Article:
Deborah Schamoni is pleased to have its inaugural participation in the Galleries sector of Art Basel in Basel. The presentation highlights three emerging artists from the gallery’s program who have recently earned international recognition for their inventive approaches to painting: Maryam Hoseini, Yong Xiang Li, and Dala Nasser. In pursuit of their inquiries into sociopolitical concerns—such as the entanglement between colonialism, gender, and the environment—each of these artists reinvigorate the medium of painting by pushing against its limits.read more
Maryam Hoseini’s paintings depict fractured, headless bodies navigating a landscape of architectural fragments and jagged shards, suggesting ruins or the aftermath of disaster. Painted in a bold geometric style and rendered in sumptuous colors, Hoseini’s paintings find levity and pleasure within incompleteness and breakages. In her paintings at Art Basel, Hoseini’s figures appear caught in the midst of a bacchanalian celebration. Some figures use breast-like appendages to imbibe a luminous red liquid from martini glasses; others contort their limbs in states of physical ecstasy. While an erotic charge pulses through Hoseini’s works, her figures do not follow any traditional notions of gender or sexuality. Instead, they revel in finding new ways to use their bodies. Hoseini’s artistic approach reflects the inventiveness of her characters, as she freely intermingles drawing and painting, figuration and abstraction. By using shaped canvases that engage with the surrounding architecture, Hoseini positions the viewers as voyeurs into her painted worlds.Brooklyn-based Iranian artist Maryam Hoseini (b. 1988) received her BFA from Sooreh Art University in Tehran and MFA degrees from Bard College and the School of the Art Institute of Chicago. Her work has been shown internationally at venues including High Art, Paris; Deborah Schamoni, Munich; the New Museum, New York; and MoMA PS1, New York.Nothing is ever quite what it seems in the works of Yong Xiang Li. His pieces resist easy categorization: they are neither sculpture nor painting, functional nor decorative. Instead, Li’s uncanny objects splice these categories together into surprising configurations, integrating meticulously painted scenes into wooden structures that alternately suggest cabinets, shelves, or paravents. Li relishes the in-between state in which forms are constantly on the verge of transforming into something else—finding within it a subversive power. Li’s fascination with metamorphosis is rooted in his extensive research into cultural encounters between the West and East. For centuries, Western artists have denigrated Eastern art as merely ornamental, all the while plucking its motifs and techniques for their own use. Li upends this asymmetrical history through his embrace of surface, playfully transmuting a wide range of art-historical references into a visual language that is distinctly his own. At Art Basel, the gallery presents a break (by the bamboo wave) (2022), whose bamboo garden contains echoes of Charles Rennie Mackintosh’s Hill House Chair, the frozen drama of Gustave Courbet’s Wave paintings, and the illusionist style of Western-influenced Qing dynasty painter Wang Youxue. The work’s panels are hinged, allowing the piece to be folded out into a quasi-chair. If the invitation to sit suggests subservience, a break’s nighttime scene feels laden with danger, its undulating and unwieldy bamboo garden threatening to ensnare the would-be sitter.Chinese artist Yong Xiang Li (b. 1991) is currently based in Berlin. His works have been shown internationally in both solo and group shows at institutions including the FUTURA Centre for Contemporary Art, Prague; the Museum Brandhorst, Munich; and the UCCA Edge, Shanghai. Li earned his BFA from Central St. Martins, London, before receiving the title of Meisterschüler from Städelschule, Frankfurt am Main. In 2023, Li’s works will be included in biennials in Göteborg, Sweden, and Freiburg, Germany. Li will have his first solo exhibition at the gallery in September.he evocative surfaces of Dala Nasser’s works emerge from prolonged engagement with the environment of her homeland, Lebanon. Nasser’s process is slow and unfolds over long spans of time. The foundation of her works are fabrics that she subjects to the landscape—often burying them in the ground or staining them with natural materials. The resulting compositions are both tender and charged, forming an abstract portrait of the landscapes where they were made. Through a visual language of traces and rubbings, Nasser’s works bear witness to violent histories of human intervention in the environment. On view at Art Basel is Snoubar (2023), which focuses on the ecology of South Lebanon, the site of Nasser’s ancestral home. Over the course of several months, Snoubar took shape through Nasser’s continual manipulation of discarded fabrics. The materials used appear delicate and frozen in time, with their many folds suggesting a long history of use and re-use. The piece’s striking purple color is achieved with dyes made from dried berries and plants grown on the surrounding land. Through stark charcoal rubbings of a 340-year-old pine tree, Nasser juxtaposes the earth’s deep time with the transience of human-made materials. By continuously revisiting her work—repeating, remaking, undoing, and reassembling—Nasser reflects on her refusal to settle on a defined form and her own relationship as the caretaker of this land and its history.Lebanese artist Dala Nasser (b. 1990) works between Beirut and London. She was recently included in the 58th Carnegie International, and has previously had solo exhibitions at Kölnischer Kunstverein, Cologne; V.O Curations, London; and Deborah Schamoni, Munich. Nasser studied at London’s Slade School before earning an MFA from Yale University, New Haven. In September 2023, Nasser will have her first major solo exhibition in the US at the Renaissance Society in Chicago.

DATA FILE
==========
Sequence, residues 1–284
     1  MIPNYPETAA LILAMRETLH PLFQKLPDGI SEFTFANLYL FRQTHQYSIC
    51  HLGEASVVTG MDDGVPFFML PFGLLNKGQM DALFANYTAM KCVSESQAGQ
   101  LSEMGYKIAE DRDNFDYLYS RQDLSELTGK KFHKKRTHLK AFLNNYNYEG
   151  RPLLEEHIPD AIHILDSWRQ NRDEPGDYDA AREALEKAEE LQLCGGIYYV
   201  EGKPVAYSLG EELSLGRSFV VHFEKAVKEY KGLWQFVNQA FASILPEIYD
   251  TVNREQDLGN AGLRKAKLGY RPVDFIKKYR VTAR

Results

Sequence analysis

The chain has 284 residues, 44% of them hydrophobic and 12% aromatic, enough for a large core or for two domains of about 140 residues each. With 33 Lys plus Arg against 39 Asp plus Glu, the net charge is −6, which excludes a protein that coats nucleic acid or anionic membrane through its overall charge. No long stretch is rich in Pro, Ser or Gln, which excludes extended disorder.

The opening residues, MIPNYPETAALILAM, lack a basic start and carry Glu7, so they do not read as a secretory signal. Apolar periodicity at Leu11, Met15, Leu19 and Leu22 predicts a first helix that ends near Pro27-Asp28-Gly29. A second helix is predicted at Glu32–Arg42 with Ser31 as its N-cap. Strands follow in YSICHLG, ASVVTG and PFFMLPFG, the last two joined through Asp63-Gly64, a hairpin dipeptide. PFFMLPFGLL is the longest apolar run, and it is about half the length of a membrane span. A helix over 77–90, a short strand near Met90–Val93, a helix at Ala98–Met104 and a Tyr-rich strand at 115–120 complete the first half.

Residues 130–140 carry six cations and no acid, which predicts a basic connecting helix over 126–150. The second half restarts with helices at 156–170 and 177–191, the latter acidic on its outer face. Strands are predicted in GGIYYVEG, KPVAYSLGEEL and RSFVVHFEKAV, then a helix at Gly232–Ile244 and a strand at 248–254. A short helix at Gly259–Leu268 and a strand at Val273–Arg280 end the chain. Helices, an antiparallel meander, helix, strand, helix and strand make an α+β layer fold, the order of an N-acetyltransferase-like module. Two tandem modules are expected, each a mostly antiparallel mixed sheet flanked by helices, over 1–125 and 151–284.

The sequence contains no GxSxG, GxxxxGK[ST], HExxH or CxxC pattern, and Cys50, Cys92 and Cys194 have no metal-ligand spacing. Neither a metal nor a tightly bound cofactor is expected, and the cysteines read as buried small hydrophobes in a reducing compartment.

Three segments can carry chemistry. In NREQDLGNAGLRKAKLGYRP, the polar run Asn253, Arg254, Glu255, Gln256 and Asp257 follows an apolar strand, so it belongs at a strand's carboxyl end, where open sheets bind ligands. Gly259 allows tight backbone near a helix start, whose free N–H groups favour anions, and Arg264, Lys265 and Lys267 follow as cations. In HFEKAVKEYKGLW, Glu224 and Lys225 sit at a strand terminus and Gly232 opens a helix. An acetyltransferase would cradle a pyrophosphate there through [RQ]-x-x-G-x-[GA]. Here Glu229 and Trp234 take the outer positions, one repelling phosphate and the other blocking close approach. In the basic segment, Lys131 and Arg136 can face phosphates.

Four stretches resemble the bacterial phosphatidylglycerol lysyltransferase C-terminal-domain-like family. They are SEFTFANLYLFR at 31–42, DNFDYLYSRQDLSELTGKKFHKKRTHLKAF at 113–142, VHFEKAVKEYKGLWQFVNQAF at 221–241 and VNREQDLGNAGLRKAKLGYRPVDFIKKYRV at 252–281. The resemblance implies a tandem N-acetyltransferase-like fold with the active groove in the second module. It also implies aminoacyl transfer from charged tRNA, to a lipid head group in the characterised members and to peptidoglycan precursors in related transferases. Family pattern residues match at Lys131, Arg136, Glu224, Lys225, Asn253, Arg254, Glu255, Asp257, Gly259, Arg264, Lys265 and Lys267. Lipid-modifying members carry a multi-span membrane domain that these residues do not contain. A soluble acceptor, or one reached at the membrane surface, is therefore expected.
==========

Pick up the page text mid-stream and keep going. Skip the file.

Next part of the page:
Art Basel, Basel 2023
Yong Xiang Li
15.06. – 18.06.2023